SEATTLE, WA - SEPTEMBER 8: Reliever Dellin Betances #68 of the New York Yankees deliver a pitch during the ninth inning of a game Mariners at Safeco Field on September 8, 2018 in Seattle, Washington. The Yankees won 4-2.
(Photo by Stephen Brashear/Getty Images)

With the 2020 season expected to be delayed into the summer, Dellin Betances should be ready to dominate when the New York Mets return.

Thomas Hall

Whenever the regular season begins, the New York Mets will be expecting much better results from their revamped bullpen in 2020.

After their relievers produced the fifth-worst ERA (4.99) and the eighth-worst xFIP (4.75) throughout the majors in 2019, New York just can’t afford for those troubling results to continue through this season.

In an attempt to prevent those woes from continuing, the Mets signed Dellin Betances to a one-year, $10.5 million contract during this past offseason. Despite his injury-riddled 2019 campaign, there’s a good chance that the towering righty will be able to bounce back in 2020.

Prior to the cancelation of spring training, Betances was just starting to face live hitters in preseason games. In total, the soon-to-be 32-year-old made two appearances and completed 1.1 innings before the MLB began their hiatus.

Since Opening Day is expected to be pushed back by at least eight weeks, that should provide the hard-throwing hurler even more time to prepare for the upcoming season. While the former New York Yankees‘ reliever was already expected to be healthy and ready for the start of the season, he’d likely benefit from a later starting date.

When healthy, Betances has proven to be one of the best relievers in baseball. During the 2018 campaign, the 6-foot-8 reliever produced a 2.47 FIP (tied for the 15th-lowest among all qualified relievers), 1.95 xFIP (second-lowest), .183 OPP AVG (17th-lowest), 42.3% strikeout rate (fourth-highest), 28.6% hard-hit rate (tied for 21st-lowest) along with a 1.7 fWAR rating (tied for 18th-best) over his 66.2 innings pitched.

Based on his production from the 2018 season, if healthy, Betances shouldn’t have any issues replicating these results this season. However, he struggled to control his fastball once he returned from his shoulder/lat injury last season.

Throughout Betances’ professional career, he’s heavily relied on his high-90s heater. After his four-seamer averaged 97.7 mph on the radar gun in 2018, it was down to just 94.4 mph during his one outing in 2019. In addition, his fastball also started dropping into the middle part of the strike zone.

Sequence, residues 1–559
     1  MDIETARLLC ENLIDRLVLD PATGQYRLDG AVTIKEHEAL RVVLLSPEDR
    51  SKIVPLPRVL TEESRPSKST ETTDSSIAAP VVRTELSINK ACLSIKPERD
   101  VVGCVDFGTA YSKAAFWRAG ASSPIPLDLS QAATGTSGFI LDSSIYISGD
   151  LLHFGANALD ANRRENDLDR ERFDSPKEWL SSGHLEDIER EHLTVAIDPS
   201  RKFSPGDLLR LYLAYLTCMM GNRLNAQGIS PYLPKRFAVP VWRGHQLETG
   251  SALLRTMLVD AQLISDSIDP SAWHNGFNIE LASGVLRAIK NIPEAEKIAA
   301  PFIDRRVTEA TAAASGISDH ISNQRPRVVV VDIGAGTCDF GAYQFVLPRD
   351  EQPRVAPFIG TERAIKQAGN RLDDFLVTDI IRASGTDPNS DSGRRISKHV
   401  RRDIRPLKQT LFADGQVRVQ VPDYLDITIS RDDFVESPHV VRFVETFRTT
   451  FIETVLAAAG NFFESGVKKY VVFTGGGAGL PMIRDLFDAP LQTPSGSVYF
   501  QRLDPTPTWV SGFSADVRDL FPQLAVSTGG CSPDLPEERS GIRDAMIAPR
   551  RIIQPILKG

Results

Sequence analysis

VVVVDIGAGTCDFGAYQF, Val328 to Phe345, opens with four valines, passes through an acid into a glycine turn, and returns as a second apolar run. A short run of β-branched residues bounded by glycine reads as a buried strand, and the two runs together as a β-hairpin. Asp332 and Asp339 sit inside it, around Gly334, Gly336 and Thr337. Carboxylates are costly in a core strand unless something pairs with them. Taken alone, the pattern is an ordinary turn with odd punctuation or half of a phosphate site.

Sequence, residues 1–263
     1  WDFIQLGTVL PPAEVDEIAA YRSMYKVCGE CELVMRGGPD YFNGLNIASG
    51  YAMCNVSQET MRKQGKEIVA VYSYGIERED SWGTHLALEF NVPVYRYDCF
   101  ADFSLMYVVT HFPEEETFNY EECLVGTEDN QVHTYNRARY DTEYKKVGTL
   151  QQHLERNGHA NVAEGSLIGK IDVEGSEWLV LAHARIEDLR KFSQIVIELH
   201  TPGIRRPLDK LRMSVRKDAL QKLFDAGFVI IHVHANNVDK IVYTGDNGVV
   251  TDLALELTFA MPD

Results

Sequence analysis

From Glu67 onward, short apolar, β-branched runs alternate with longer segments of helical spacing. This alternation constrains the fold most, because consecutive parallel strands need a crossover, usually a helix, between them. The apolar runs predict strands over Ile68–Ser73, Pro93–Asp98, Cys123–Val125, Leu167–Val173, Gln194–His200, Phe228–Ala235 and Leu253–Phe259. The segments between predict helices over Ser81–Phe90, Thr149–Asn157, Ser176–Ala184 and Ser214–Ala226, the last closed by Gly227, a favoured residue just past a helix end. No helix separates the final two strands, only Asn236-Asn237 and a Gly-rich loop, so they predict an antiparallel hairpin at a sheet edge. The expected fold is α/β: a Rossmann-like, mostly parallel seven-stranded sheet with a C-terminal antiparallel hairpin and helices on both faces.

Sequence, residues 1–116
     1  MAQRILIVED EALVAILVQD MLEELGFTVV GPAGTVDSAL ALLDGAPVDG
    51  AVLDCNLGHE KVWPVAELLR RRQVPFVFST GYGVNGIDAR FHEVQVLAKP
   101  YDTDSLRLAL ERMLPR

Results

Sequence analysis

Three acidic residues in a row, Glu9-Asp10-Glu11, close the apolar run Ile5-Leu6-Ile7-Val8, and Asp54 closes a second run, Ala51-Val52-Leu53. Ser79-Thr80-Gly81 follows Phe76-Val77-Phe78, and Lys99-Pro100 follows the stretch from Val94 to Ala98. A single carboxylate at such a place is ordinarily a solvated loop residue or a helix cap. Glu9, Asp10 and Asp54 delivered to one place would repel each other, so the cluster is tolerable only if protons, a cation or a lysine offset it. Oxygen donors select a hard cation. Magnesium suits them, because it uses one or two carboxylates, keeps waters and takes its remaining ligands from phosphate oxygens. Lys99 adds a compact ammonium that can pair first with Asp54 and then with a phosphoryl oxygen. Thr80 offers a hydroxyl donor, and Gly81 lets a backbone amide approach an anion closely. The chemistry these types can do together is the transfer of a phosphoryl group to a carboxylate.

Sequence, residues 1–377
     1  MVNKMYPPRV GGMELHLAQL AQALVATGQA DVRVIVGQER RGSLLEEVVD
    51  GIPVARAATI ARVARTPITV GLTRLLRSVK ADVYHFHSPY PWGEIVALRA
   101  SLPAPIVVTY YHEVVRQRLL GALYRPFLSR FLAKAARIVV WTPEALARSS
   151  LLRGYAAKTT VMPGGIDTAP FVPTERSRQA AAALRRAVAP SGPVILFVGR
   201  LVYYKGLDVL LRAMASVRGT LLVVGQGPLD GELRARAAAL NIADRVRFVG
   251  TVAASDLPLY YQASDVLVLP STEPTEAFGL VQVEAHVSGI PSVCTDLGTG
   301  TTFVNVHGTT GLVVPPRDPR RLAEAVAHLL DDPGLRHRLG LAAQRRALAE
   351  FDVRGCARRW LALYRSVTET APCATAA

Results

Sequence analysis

From 2015 through 2018, Betances’ fastball averaged just 10.7 inches of drop with its vertical movements. But, his heater averaged 16.7 inches of drop during his 0.2 innings pitched last season.

It’s worth noting that this is a minuscule sample size, but it’s just a brief glimpse of a worst-case scenario for the Mets with the tall right-hander.

Luckily for Betances, his fastball’s decrease in velocity and increase in vertical movement was likely due to being sidelined all season with an arm injury. However, it’ll need to be something that’s monitored throughout this season.

If Opening Day hadn’t been delayed, there was a chance that his heater would’ve sat in the mid-90s once again. Since the right-hander should be fully recovered from the partial tear in his left Achilles once the MLB season resumes, he should see the velocity with his fastball return to normal.

With Betances throwing his four-seamer in the high-90s, it will also likely feature fewer inches of drop this season. As a result, it should regain its ideal location in the upper part of the strike zone.

Since this suspension of league operations will allow Betances to hit the ground running once the season begins, it should also provide him with an opportunity to earn a new contract next offseason.

When the Mets signed Betances back in December, they included a player option on a second year along with his original one-year deal. The veteran hurler would earn $6 million if he exercises his option for next season. If he opts-out of his current deal next winter, the Mets would still be forced to pay him $3 million in 2021.

So, a healthy season from Betances would likely increase the odds of him opting out of his deal after the 2020 campaign. If this occurs, he’d likely be one of the most sought-after relief arms on the free-agent market next offseason.

Currently, there’s a chance that Zack Britton, Alex Colome, Ken Giles, Kirby Yates, Liam Hendriks, and Betances could all be available on the open market next winter. If all of these elite relievers become free agents after this season, then we could see a lot of money being spent in the reliever market in the near future.

Based on the last two seasons, it appears that the market for top-tier relief pitchers who are in their early-30s is somewhere around three years and $40 million. In 2019, the Cubs signed Craig Kimbrel to a three-year, $43 million contract. Then, the Braves signed Will Smith, not the actor, to a three-year, $40 million deal during this past offseason.

Since Betances will be entering his age-33 season in 2021, he could certainly receive a deal similar to the ones that Kimbrel and Smith signed. But, he’ll need to stay healthy throughout this season to be able to command that high of a salary next winter.

While this layoff from baseball has already been tough on everyone, it does have some slight advantages for the players who are coming off serious injuries. For Betances, not only should this hiatus help him return to his dominant form in 2020, but it could also help him earn a lot of money next offseason as well.